U.S.

The Tribalism Bugaboo

(Mesut Doğan/Dreamstime)
Our system handles factionalism pretty well: Gridlock is better than rule by a tyrannical majority.   

The hot topic among intellectual types these days is the notion of “tribalism.” The problem with our country, the smart set is arguing, is that we are too focused on our own parochial cliques — economic, geographic, religious, whatever — so we cannot even think about the general welfare, let alone act together to achieve it.

Heather Wilhelm gave a good rejoinder to this anxiety last week: “Meh.” Most people, she suggests, express “displeasure with American politics at large, but with none of the gushers of faux outrage and over-the-top feigned surprise that regularly festoon social media.” I think that is about right. I am reminded of a great book by Morris Fiorina, Culture War? The Myth of a Polarized America, which argued that while Americans are evenly divided, they are not deeply so. You will not get such a nuanced impression from cable news or social media, but that is just another good reason not to participate too much in either of those forums.

I would like to push this analysis a step further: Our system of government was in fact explicitly designed to handle the biggest problem of “tribalism,” which the Founders might have called the tyranny of the majority. And it accomplishes that task very well. In the United States, the persistence of tribalism is at worst an annoyance, rather than a calamitous threat to basic rights and public security.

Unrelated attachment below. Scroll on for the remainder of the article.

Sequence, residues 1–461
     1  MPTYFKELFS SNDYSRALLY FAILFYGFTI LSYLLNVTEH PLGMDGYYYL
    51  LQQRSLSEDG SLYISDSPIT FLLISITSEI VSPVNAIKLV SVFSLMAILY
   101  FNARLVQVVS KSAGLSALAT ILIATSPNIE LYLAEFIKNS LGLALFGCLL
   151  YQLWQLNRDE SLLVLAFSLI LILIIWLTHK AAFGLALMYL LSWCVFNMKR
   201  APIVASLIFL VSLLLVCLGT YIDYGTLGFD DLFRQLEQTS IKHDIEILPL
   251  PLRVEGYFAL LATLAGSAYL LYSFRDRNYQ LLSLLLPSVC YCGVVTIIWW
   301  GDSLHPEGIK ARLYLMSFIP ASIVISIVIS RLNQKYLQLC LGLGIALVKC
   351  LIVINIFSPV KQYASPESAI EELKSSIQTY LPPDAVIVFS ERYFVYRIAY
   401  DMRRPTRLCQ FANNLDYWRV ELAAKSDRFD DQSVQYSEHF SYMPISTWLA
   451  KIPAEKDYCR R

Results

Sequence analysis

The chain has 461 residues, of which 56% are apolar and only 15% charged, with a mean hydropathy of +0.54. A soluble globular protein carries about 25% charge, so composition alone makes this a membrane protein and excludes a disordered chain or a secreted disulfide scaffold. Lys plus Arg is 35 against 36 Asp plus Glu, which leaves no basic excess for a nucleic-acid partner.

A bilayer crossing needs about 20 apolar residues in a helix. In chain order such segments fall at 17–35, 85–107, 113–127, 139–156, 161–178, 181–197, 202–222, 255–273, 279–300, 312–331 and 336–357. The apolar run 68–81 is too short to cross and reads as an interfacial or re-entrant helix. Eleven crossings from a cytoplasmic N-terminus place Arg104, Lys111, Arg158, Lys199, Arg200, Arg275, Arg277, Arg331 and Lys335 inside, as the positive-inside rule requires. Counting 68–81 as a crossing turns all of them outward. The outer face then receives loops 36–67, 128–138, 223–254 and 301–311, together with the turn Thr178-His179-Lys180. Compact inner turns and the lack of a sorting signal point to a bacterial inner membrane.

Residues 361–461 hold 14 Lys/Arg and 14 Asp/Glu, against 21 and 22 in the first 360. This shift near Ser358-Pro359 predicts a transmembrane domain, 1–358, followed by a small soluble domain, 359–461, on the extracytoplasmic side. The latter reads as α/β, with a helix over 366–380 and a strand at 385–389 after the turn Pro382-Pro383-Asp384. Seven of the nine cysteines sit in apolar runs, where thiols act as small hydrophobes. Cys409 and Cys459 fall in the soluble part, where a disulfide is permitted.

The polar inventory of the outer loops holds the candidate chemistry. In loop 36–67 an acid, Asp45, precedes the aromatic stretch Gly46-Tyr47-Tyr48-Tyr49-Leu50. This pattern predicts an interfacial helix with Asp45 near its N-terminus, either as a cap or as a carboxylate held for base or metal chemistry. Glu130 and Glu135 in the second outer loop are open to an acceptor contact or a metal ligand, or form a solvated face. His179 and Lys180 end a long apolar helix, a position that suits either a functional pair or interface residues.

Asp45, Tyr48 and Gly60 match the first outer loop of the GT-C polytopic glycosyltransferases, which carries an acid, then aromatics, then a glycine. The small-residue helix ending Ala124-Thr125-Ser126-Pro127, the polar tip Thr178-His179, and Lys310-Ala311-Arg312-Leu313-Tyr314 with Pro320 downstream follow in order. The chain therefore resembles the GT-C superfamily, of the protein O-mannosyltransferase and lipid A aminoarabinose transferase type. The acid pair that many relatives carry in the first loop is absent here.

Although the use of the world is relatively new, anxieties about tribalism are very old, for they point to the most basic question of government: How do we get people to look out for the good of the whole community, rather than just themselves? The ancients had a tragic answer to that question, envisioning government as an endless cycle between just and unjust versions. But early modern thinkers were more optimistic, reckoning that there were conditions under which good government was sustainable. In The Spirit of the Laws, Montesquieu argued that one solution to tribalism was to be found in a “small republic:”

In an extensive republic, the public good is sacrificed to a thousand private views; it is subordinate to exceptions and depends on accidents. In a small one, the interest of the public is more obvious, better understood, and more within the reach of every citizen; abuses have less extent and, of course, are less protected.

This view was very popular in the United States in the 1780s, when the states held the balance of power. The feeling was that the government of a small polity such as New Hampshire or Georgia was best able to articulate the public interest. Everybody will more or less be on the same page, political leaders will reflect those shared values and act accordingly.

But this theory did not fare well during that tumultuous decade. The 13 states were often dominated by popular majorities that had no appreciation for the bigger picture. They instead empowered governments that harassed political minorities, frustrated neighboring states, and damaged the international reputation of the nation. It was this failure that induced twelve of the 13 states to participate in the Constitutional Convention, where James Madison introduced his radical alternative to Montesquieu’s notion of a small republic.

Like many political thinkers, Madison reckoned that “factionalism” (his word for tribalism) was part and parcel of human nature. The solution was not a small polity — because that could empower a single faction to run roughshod over everybody else. Instead, he recommended an extended republic that took in a variety of factions or tribes, each positioned in such a way as to check the self-interested designs of the others. Madison’s idea was that having factions share power with one another would result in the type of laws that were good for the whole country.